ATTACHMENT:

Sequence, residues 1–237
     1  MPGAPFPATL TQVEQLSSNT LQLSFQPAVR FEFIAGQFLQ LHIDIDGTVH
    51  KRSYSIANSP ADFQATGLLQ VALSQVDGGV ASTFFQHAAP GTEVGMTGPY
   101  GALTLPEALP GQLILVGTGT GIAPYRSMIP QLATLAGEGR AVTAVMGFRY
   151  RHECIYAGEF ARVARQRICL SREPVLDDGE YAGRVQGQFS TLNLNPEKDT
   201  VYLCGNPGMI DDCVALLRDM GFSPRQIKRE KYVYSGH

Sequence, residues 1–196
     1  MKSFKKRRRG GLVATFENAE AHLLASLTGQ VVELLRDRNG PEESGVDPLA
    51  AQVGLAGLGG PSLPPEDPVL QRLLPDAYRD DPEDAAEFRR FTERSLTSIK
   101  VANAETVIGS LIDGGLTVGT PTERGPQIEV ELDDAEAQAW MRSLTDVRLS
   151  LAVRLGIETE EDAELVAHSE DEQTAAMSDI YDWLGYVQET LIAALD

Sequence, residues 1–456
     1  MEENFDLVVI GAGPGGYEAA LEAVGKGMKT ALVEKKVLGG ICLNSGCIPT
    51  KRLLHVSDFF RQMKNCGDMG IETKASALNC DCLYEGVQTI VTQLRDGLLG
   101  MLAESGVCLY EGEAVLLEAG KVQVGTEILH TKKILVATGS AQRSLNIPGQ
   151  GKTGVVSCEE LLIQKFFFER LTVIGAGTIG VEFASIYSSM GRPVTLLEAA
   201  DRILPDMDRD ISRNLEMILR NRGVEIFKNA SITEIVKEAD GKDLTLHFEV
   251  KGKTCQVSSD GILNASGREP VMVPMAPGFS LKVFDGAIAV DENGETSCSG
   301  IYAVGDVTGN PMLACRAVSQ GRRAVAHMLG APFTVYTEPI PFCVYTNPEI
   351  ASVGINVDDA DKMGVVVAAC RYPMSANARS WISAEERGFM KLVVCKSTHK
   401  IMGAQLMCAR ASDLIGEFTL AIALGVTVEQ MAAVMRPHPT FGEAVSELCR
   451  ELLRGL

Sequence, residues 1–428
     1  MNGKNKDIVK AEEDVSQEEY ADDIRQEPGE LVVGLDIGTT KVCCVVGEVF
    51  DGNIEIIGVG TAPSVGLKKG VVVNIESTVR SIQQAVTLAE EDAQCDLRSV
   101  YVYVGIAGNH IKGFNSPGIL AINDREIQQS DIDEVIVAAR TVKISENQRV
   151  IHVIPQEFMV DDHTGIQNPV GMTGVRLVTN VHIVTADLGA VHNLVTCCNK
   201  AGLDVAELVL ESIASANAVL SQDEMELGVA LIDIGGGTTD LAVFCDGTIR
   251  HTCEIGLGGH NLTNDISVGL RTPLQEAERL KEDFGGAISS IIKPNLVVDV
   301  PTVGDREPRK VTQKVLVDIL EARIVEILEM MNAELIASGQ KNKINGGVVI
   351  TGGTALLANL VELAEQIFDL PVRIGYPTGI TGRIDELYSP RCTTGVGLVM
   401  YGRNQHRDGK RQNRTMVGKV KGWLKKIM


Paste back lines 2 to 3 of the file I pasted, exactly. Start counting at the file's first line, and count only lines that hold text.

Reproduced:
     1  MPGAPFPATL TQVEQLSSNT LQLSFQPAVR FEFIAGQFLQ LHIDIDGTVH
    51  KRSYSIANSP ADFQATGLLQ VALSQVDGGV ASTFFQHAAP GTEVGMTGPY